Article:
Europa, a moon of Jupiter thought to harbor a warm, saltwater ocean sloshing beneath a thick, icy crust, has long been considered one of the best spots in the solar system to look for alien beings.
Now, citing data collected by NASA's Galileo probe more than two decades ago, scientists report that giant jets of water are spouting more than 100 miles off that moon's surface. The study, published Monday in the journal Nature Astronomy, adds to the mounting evidence that Europa is spewing its contents into space.
If the existence of the plumes is confirmed and they are linked to Europa's ocean, they could provide a tantalizingly straightforward way to sample the moon in search of signs of life. Rather than land on the surface and drill as much as 15 miles through ice – a feat that has never been achieved even on Earth – a spacecraft could simply fly through the spray and test its contents.
Researchers are already working on missions to do just that. NASA's Europa Clipper and the European Space Agency's Jupiter Icy Moons Explorer are slated to launch in the early to mid-2020s, both armed with high-resolution cameras and a suite of other sensitive instruments.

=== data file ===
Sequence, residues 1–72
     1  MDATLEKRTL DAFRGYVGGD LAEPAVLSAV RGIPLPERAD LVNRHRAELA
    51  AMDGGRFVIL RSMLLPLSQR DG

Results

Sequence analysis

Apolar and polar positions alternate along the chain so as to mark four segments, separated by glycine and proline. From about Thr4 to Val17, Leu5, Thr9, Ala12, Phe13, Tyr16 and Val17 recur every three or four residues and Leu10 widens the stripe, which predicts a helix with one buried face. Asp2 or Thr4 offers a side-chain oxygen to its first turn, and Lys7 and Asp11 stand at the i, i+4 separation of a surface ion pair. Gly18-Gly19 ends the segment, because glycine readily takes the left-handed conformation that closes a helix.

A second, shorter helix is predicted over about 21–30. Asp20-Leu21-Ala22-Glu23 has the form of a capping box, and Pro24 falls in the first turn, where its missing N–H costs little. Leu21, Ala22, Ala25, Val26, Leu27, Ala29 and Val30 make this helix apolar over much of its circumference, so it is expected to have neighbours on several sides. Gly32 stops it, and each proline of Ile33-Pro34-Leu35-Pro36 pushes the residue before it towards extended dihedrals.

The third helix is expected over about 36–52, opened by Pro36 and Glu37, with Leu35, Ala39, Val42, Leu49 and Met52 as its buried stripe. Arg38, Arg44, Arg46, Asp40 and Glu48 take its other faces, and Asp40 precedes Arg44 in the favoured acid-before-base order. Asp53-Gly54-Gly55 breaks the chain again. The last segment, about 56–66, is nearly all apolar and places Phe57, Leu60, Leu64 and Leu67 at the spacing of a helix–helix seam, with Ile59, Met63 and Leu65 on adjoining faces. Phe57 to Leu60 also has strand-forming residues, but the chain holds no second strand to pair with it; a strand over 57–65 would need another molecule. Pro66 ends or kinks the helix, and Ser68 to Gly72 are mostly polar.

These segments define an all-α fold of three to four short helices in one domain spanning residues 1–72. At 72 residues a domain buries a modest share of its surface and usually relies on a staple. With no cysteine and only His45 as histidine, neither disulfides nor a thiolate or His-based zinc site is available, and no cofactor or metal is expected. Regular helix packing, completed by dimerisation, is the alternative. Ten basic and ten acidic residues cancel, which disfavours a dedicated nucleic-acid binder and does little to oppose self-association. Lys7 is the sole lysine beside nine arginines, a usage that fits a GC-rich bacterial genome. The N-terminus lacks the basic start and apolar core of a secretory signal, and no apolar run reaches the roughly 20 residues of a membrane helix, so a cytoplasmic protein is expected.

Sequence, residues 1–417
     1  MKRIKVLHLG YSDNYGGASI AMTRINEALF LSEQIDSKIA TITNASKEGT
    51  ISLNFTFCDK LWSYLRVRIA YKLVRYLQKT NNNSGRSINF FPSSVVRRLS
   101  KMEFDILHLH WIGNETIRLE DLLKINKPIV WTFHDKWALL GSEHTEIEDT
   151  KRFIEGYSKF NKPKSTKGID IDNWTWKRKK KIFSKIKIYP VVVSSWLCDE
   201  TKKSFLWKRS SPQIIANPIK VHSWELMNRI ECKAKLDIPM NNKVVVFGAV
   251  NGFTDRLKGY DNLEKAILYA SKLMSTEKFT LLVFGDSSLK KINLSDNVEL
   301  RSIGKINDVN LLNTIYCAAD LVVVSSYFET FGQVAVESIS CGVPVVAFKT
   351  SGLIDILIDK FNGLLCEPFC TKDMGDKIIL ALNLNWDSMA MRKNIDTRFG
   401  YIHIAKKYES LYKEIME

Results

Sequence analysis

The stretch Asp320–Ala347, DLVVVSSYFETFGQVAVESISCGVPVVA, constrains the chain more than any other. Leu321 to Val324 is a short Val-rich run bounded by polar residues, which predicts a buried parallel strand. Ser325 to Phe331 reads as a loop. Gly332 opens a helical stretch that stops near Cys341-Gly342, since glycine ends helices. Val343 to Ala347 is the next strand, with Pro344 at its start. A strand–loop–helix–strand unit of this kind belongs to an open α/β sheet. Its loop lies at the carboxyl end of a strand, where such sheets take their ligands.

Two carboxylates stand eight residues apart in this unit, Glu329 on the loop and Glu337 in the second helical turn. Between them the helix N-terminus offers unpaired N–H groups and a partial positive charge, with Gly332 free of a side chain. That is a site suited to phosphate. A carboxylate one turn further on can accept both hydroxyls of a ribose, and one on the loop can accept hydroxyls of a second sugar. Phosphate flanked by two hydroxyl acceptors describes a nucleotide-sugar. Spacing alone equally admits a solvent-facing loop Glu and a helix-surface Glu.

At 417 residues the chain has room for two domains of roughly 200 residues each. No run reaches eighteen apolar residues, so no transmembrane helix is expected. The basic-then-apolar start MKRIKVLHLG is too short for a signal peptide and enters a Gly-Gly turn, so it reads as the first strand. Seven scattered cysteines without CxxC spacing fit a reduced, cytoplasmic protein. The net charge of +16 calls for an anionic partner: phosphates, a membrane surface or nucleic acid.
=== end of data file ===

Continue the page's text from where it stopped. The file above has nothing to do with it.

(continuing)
“The idea that Europa might possess plumes seems to be becoming more and more real, and that's very good news for future exploration,” said Xianzhe Jia, a space physicist at the University of Michigan and lead author of the new paper on the phenomenon.
The results of the Clipper and JUICE missions, he continued, “could have huge implications” – nudging us Earthlings closer to understanding whether we are alone.
Scientists have suspected since 2012 that Europa might harbor plumes, after the Hubble Space Telescope observed water vapor spouting above the moon's frigid south pole. Another set of observations, taken in 2014 and 2016, found a recurring jet shooting from an unusually warm “hot spot” near the moon's equator.